Monday, 6 June 2011

Perfect something: German's chocolate cake

First note: I realize it is pretty fussy to refer to it as "German's" rather than "German," and I swear I don't even do it when talking, but in print, it just looks wrong to me. It was developed by a dude named German, not a dude from Germany. So there you are.

In the Goodest Cooker's kitchen, I often try new recipes. I love, especially, to have some reason to look up a new recipe and try it out. I also love to improvise. But there is a special, gooey feeling I get inside when I know that I make something REALLY well, and that people look forward to seeing me with MY oatmeal chocolate chip cookies or some such. And the only way to do that is through practice.

So pick something, anything, and make it enough times to get really good at it.

The thing about this cake is that it's a fairly simple recipe, and it even comes on the box of chocolate. But having made it so many times (I'm guessing about twenty, give or take a few), I have little tips and tricks, and I know what worked and didn't. For example, the flake coconut is way better than shredded coconut. And pecan halves are cheaper than chopped, but it's really important that the chunks aren't too big, so I use a chopper.

It's mainly about following the recipe, but I follow it really carefully.

And here it is:

German's chocolate cake

2 1/2 cups cake flour
1 teaspoon baking soda
1/2 teaspoon salt
1 bar Baker's German sweet chocolate
1/2 cup boiling water
1 cup butter or margarine
2 cups sugar
2 egg yolks, unbeaten
4 egg white, beaten stiff
1 teaspoon vanilla
1 cup buttermilk

Sift first three ingredients. Melt chocolate in water -- cool.

Cream butter and sugar until fluffy. Add egg yolks, one at a time, beating well after each. Mix in chocolate and vanilla. Add flour mixture alternately with buttermilk. Fold in beaten egg whites.

Pour into three 8 or 9 inch layer pans lined on the bottom with wax paper. Bake at 350 degrees for 30-40 minutes.


Coconut-pecan frosting

4 egg yolks
1 can evaporated milk
1 1/2 teaspoon vanilla
1 1/2 cups sugar
3/4 cup butter or margarine
1 package (7 oz) angel flake coconut
1 1/2 cups chopped pecans

Beat egg yolks, milk and vanilla in a large saucepan with a whisk until well blended. Add butter and sugar and cook over medium heat 12 minutes or until thickened and golden brown, stirring constantly. Remove from heat. Add coconut and pecans. Mix well, then cool.

So here are my thoughts, tips, tricks, etc.

I am gadget-friendly. I make the batter in a Kitchen-Aid mixer, whip the eggs with an immersion blender, and chop the nuts using the same blender with a different attachment. Can you do it all with whisks and spoons? I supposed, but if you have some technology, it's going to make it a lot easier.

To melt the chocolate, I break it up into small chunks and drop it in a big Pyrex measuring cup with the water. Then I nuke it for 2 minutes. Stir it with a fork, and it's perfect.

I used parchment paper instead of wax paper. I recommend you use SOMETHING, though, as these cakes tend to stick, and when they stick too much, they can fall apart.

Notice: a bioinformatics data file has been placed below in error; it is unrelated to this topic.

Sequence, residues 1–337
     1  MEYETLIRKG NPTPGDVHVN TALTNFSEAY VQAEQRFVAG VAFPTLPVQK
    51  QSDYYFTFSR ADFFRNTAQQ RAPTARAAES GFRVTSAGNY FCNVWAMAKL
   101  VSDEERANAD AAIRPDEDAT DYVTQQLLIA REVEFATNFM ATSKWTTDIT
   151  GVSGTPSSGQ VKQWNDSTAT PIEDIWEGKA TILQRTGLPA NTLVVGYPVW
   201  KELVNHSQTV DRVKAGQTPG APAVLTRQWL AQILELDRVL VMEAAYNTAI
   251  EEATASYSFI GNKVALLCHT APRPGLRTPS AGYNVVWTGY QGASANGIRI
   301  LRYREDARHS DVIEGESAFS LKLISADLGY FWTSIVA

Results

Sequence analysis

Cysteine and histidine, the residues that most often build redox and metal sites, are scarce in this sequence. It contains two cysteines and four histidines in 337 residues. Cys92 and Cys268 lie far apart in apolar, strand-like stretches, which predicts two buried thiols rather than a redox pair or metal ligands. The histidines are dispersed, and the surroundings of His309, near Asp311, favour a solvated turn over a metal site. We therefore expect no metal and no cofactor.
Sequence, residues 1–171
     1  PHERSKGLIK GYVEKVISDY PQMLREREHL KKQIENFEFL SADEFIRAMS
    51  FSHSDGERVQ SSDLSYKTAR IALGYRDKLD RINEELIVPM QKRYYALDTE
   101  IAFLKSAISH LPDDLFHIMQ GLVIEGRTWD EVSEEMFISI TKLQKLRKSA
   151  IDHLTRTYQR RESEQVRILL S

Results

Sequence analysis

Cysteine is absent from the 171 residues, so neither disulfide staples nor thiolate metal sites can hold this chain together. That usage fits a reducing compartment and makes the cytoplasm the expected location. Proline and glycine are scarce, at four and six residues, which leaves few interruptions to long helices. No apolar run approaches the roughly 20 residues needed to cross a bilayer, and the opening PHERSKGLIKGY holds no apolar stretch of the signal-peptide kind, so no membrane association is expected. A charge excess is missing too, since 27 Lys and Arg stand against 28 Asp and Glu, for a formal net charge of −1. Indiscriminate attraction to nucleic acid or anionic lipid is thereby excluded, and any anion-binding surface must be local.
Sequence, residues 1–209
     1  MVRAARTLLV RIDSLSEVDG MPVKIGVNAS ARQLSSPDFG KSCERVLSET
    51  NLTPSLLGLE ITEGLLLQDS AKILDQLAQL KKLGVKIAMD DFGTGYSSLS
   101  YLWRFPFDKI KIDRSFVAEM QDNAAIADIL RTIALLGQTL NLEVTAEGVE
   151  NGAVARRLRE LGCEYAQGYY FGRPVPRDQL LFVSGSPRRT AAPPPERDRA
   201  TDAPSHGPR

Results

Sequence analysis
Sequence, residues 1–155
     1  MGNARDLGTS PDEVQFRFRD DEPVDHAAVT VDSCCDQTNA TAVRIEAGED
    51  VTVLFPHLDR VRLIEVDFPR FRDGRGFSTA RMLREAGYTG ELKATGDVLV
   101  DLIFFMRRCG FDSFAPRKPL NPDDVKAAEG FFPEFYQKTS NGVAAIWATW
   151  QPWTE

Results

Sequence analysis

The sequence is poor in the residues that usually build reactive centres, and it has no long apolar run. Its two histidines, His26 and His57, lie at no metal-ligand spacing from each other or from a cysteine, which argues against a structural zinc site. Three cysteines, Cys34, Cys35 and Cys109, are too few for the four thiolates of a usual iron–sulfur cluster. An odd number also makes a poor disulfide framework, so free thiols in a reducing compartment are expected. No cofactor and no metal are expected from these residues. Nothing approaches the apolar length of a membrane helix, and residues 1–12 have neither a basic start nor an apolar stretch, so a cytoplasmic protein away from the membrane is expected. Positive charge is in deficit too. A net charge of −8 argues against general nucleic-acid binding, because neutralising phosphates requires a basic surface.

If you use Air-bake cake pans (or any other brand that has the double-layer walls), these will take the full 40 minutes. Test them to see if they're done by poking a knife into them.)

When it says to fold in the egg whites, that means don't mix it too much, just gently. Sort of stir up the batter from the bottom of the bowl, stir it a few more times until the white is mostly incorporated, and you're good. The egg whites are holding air bubbles, which helps make your cake super-fluffy. If you stir the heck out of it, you'll break all those bubbles.

I can be a little cheap and shortcutty, but not with this recipe. I use butter instead of margarine. I spring for Softasilk cake flour. I do all the steps, including adding the flour and buttermilk alternately. I don't even know what that bit is for, but I do it. I'm much more comfortable improvising when it comes to dinner. Baking is like science.

When the frosting is "thickened," you'll notice that it sticks to the back of the spoon. You could run your finger through the frosting there and it would leave a clear line.

Although I mentioned I love gadgets, there are a lot of things I can do without, like egg separators. Step 1: crack egg. Step 2: pour it into your hand. Step 3: open your fingers a little. Egg separated.

I don't sift, exactly. I use a big fine-mesh strainer thing. I used a sifter when I was a kid and all it ever did was give me hand cramps. This thing works as well and faster. Dump all your dry ingredients in, then give it a few shakes.
So easy a toddler could do it (with enormous amounts of supervision).

Get yourself a scullery maid to do the dishes.

And a few more thoughts. My mom's frosting recipe was the same as the one on the box, but made about 25% less in volume. I like the larger quantity, because then you can really spread the frosting thickly between the layers. Sometimes I stretch it to cover the whole outside, but mostly I like it like this -- frosted between the layers and on top, but with bare sides. I have been to cafes where they have a chocolate ganache on the sides. This is heresy and it must be stopped.

Here is my cake. Now be careful, because it's really delicious. It's not pretty, though.


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